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Methicillin-Resistant Staph Aureus Infections

King County Public Health Guidelines for MRSA (Print PDF 116 kb)
Author: Tim Dellit, MD

Empiric Oral Antimicrobial Agents for Treatment of Outpatients with Suspected MRSA

Selection of empiric therapy should be guided by local S. aureus susceptibility and
modified based on results of culture and susceptibility testing. The duration of
therapy for most SSTI is 7-10 days, but may vary depending on severity of infection
and clinical response. NOTE: Before treating, clinicians should consult complete
drug prescribing information in the manufacturer’s package insert or the PDR.

 

Antimicrobial

Adult Dose
Pediatric Dose

trimethoprim-sulfamethoxazole
(TMP-SMX) DS

1 tablet (160 mg TMP/800 mg SMX) PO bid

Base dose on TMP:
8-12 mg TMP
(& 40-60 mg SMX)
per kg/day
in 2 doses; not to exceed adult dose

minocycline or doxycycline** 100 mg PO bid Not recommended
for pediatric use –
suggest consultation with infectious
disease specialist before use
clindamycin 300-450 mg PO qid 10-20 mg/kg/day in
3-4 doses; not to exceed adult dose

**Tetracycline - minocycline and doxycycline have greater antistaphylococcal activity than other oral tetracyclines and have been effective clinically. Minocycline may cause vestibular disturbances with vertigo, nausea and vomiting.

NOTE: If Group A streptococcal infection is suspected, oral therapy
should include an agent active against this organism (ß-lactam, macrolide, clindamycin). Tetracyclines and trimethoprim-sulfamethoxazole, although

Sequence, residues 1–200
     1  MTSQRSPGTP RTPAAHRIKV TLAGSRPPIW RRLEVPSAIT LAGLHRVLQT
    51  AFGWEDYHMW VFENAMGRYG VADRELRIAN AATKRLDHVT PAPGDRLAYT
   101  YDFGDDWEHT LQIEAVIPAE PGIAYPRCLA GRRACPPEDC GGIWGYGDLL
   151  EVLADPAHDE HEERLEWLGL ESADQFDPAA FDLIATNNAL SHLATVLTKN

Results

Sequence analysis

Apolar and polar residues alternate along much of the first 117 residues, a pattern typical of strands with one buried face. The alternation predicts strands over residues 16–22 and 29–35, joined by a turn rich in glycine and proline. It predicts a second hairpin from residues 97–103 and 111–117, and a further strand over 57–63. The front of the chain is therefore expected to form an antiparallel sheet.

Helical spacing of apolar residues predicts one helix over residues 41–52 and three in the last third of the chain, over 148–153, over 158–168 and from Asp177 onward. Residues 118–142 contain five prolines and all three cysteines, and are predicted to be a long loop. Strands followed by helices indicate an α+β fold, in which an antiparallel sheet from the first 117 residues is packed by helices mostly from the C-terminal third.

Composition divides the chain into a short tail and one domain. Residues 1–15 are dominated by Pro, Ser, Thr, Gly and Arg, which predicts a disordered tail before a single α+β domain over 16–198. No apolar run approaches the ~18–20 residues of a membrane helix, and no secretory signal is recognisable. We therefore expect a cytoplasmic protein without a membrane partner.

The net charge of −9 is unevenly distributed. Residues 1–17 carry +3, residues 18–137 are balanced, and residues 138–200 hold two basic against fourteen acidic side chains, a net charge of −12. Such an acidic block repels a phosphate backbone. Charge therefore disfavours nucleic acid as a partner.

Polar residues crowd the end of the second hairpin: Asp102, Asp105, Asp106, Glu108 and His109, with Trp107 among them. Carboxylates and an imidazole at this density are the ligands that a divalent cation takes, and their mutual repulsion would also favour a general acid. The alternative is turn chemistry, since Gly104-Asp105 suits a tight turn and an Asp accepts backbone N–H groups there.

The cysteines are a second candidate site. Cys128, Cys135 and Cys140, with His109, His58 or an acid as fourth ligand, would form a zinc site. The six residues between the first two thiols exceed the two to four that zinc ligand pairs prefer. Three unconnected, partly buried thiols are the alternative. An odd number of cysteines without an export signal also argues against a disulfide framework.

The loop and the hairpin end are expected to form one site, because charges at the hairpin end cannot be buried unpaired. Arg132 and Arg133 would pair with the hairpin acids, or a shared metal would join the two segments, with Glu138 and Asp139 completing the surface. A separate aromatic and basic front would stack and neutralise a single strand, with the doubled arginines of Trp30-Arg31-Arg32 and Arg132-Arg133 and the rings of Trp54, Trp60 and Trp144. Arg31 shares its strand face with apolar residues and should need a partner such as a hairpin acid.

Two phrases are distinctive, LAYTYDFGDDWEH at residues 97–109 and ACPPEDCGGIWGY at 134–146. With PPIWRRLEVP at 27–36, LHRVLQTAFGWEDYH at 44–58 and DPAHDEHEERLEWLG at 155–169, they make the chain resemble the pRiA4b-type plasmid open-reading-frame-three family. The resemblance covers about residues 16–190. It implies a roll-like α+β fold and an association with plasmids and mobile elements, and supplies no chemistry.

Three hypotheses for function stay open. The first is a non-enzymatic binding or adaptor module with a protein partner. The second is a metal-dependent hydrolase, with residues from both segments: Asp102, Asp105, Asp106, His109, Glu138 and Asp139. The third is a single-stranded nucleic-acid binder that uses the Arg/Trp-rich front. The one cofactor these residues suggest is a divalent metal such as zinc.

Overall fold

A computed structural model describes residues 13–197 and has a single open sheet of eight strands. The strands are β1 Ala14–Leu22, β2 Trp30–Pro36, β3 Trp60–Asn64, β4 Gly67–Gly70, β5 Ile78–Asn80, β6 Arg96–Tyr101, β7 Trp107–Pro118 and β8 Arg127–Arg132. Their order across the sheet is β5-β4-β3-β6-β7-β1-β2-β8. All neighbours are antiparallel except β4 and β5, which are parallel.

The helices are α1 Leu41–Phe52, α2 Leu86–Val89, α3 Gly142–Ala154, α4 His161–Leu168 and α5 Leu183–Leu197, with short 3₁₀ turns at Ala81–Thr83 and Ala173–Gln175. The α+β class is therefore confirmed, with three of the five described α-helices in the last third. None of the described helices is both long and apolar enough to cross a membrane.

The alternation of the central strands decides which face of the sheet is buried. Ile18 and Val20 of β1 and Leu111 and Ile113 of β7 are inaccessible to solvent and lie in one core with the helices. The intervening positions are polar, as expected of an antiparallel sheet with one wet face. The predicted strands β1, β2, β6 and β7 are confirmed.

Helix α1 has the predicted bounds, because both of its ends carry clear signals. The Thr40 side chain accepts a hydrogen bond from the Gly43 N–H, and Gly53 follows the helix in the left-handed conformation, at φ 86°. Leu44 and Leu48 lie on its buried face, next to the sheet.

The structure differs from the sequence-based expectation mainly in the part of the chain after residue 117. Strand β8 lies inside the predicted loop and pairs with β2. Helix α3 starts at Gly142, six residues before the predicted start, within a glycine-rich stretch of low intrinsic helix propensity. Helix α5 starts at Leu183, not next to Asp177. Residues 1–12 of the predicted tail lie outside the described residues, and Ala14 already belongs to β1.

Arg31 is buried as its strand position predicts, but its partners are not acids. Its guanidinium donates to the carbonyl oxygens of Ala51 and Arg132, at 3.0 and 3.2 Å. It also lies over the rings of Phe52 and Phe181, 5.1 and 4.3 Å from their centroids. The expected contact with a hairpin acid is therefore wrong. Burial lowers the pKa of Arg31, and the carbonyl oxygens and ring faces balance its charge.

active against many MRSA, are not recommended treatments for suspected
GAS infections.

NOTE: Outpatient use of quinolones or macrolides. Fluoroquinolones (e.g.,ciprofloxicin, levofloxacin, moxifloxacin, gatifloxacin ) and macrolides
(e.g., erythromycin, clarithromycin, azithromycin) are NOT recommended for treatment of MRSA because of high resistance rates. If fluoroquinolones are being considered, consult with infectious disease specialist before use.

NOTE: Outpatient use of Linezolid in SSTI. Linezolid is costly and has
great potential for inappropriate use, inducing antimicrobial resistance, and toxicity. Although it is 100% bioavailable and effective in SSTI, it is not recommended for empiric treatment or routine use because of these
concerns. It is strongly recommended that linezolid only be used after consultation with an infectious disease specialist to determine if alternative antimicrobials would be more appropriate.

*Isolates resistant to erythromycin and sensitive to clindamycin
should be evaluated for inducible clindamycin resistance (MLSB phenotype) using the “D test.”
Consult with your reference laboratory
to determine if “D testing” is routine or must be specifically requested.
If inducible resistance is present, an alternative agent to clindamycin
should be considered.

MRSA Susceptibilities at HMC

Click on image to enlarge

Updated 1/2008

 

 

 

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